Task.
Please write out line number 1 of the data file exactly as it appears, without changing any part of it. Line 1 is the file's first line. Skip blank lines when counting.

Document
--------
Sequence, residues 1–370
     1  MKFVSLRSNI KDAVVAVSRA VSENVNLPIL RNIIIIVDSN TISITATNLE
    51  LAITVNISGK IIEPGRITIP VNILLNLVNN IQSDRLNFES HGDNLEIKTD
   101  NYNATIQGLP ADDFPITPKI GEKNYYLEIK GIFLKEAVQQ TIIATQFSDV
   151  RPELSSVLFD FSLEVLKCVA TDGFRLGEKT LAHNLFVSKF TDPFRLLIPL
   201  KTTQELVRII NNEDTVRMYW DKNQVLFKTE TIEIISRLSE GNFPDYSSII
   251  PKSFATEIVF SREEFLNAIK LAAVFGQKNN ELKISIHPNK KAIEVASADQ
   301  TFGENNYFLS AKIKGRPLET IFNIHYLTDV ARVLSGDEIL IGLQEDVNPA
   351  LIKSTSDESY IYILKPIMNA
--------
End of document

Sequence, residues 1–370